El son de la malinche or "The Malinche’s Song"

Opening Sequence: Standard.

Dance pattern: Son de la malinche doesn't use the same kind of winding and unwinding choreography as la ese and la mudansa. Rather, it is a series of processional patterns. Following the standard opening procession, each line acts separately as a unit, the left line led by the monarca, the right by the malinche and abuelo. Sometimes the abuelo faces backward as he leads the malinche. At other times he leads the girl with his hand around her back or on her shoulder. The processional patterns are as follows.

I. Both lines cast off to the outside (Figure 13).

II. At the back of the hall, the lines file by each other, the monarca’s line to the outside of the malinche’s (Figure 14).

III. Continuing, the lines pass each other again at the front of the hall, again with the monarca’s line passing to the outside of the malinche’s (Figure 15).


IV. As the two lines reach the back of the hall again, they cast off outward and file down to the front. Monarca’s line is left, malinche’s right (Figure 16).

V. At the front, the lines cast off outward again and file to the back (Figure 17).

VI. Reaching the back, the lines now cast off inward (Figure 18).


VII. At the front, both lines veer left and file up the left side of the hall, the malinche’s line going around outside the monarca’s (Figure 19). The monarca's line edges inward, right, toward the center to make room. The effect is that the outside line encloses the inside.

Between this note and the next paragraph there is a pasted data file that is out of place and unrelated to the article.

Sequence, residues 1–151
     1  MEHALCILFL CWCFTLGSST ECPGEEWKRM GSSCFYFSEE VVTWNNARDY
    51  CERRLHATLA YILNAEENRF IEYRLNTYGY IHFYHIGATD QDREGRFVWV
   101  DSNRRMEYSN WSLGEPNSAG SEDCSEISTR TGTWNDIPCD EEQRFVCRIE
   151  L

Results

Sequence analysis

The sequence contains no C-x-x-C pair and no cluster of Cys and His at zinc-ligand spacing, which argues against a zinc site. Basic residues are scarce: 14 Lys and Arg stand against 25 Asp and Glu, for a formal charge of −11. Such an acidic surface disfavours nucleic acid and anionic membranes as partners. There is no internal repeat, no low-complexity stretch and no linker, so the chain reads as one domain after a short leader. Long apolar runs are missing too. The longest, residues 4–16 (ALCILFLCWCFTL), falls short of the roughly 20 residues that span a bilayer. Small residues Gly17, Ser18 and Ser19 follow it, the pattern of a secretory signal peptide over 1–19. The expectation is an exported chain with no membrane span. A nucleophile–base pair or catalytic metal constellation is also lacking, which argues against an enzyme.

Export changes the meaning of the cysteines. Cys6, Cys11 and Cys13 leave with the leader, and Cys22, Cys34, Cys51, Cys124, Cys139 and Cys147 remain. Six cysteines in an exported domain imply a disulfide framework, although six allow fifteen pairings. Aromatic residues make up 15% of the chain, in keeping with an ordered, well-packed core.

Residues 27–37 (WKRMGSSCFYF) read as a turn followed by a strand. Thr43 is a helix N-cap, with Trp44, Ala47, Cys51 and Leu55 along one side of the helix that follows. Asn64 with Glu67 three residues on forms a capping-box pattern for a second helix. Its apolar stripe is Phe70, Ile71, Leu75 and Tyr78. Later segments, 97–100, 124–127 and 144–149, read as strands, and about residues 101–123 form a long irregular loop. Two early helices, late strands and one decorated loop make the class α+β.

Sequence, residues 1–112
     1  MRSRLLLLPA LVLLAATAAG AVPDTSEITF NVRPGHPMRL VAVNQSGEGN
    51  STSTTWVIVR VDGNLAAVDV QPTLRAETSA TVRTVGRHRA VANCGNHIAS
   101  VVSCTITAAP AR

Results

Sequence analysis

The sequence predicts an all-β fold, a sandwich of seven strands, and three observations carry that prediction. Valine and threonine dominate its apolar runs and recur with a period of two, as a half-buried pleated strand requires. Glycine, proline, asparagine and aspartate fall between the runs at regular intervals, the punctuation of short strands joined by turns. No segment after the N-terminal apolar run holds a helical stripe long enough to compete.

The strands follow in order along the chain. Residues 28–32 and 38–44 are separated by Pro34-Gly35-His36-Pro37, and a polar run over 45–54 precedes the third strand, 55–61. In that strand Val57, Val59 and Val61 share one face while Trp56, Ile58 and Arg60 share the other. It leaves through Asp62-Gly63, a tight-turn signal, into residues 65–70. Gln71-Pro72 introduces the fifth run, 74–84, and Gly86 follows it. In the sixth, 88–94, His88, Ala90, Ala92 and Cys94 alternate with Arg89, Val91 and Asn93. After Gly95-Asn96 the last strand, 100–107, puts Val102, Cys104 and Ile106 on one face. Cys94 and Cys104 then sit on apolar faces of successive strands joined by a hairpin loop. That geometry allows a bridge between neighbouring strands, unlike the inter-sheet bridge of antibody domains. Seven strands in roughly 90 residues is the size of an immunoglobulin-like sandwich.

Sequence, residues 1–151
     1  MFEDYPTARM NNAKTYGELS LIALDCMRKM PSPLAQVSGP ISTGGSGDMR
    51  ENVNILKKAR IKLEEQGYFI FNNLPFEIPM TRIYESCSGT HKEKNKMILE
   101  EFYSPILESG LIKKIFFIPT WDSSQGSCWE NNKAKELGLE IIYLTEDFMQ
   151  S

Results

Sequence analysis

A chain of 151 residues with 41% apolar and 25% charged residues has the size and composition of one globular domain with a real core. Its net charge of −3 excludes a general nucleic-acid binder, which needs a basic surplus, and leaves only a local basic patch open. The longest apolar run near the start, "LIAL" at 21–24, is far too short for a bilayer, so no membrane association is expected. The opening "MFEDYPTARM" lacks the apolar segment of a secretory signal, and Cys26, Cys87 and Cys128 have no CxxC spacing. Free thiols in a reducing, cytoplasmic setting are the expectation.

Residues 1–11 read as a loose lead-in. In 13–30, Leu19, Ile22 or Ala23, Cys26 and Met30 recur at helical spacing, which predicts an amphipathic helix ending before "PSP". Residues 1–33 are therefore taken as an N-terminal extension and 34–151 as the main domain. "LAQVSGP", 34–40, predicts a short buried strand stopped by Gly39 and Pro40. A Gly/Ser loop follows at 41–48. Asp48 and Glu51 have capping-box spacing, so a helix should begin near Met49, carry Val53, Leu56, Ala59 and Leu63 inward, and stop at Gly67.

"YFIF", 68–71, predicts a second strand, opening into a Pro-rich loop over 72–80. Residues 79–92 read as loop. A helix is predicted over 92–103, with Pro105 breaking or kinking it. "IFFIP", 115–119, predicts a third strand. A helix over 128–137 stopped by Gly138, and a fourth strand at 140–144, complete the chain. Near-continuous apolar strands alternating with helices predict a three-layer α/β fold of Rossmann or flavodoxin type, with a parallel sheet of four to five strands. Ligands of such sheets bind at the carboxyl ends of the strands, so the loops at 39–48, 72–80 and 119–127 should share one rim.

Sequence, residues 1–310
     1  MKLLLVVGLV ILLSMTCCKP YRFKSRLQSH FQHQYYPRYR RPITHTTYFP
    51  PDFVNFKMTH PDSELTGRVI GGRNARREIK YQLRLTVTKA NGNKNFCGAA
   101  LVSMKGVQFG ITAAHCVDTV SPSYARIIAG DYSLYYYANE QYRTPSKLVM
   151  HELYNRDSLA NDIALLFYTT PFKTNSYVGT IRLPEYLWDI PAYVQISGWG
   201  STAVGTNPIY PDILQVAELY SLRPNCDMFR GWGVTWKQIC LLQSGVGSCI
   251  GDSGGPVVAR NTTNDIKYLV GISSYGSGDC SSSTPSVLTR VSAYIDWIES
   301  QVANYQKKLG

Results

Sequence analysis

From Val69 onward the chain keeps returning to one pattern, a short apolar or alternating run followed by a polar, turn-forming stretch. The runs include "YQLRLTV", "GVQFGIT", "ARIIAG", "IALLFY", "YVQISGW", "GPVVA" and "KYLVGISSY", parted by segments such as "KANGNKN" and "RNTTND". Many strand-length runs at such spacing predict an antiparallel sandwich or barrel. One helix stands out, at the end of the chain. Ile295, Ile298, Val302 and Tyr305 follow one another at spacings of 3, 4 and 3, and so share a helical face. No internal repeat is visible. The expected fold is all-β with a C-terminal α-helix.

VIII. At the back, the malinche’s line still outside the monarca’s, the lines file down the right side of the hall (Figure 20).

IX. Up front again, the monarca’s line now circles outside the malinche’s as they turn right to dance back up the right side of the hall (Figure 21).


X. Finally, making the sharp right turn at the back that will take them forward again, the monarca’s line outside the malinche’s, everyone dances together down the hall (Figure 22). At the front of the lines, it is four abreast now, the monarca and malinche between the two lead dancers. The abuelo, dancing backward, leads it all.


XI. The dance ends with a turn outward, a turn inward, one basic step performed backward and then forward, repeated three times, and the standard bow.

Note: For this dance only, as the men perform the basic foot pattern, they rotate in quarter turns, so that when they kick with the left foot they face left and with the right, right. This constant directional change gives the processional choreography a lyrical, even gyrating, quality.

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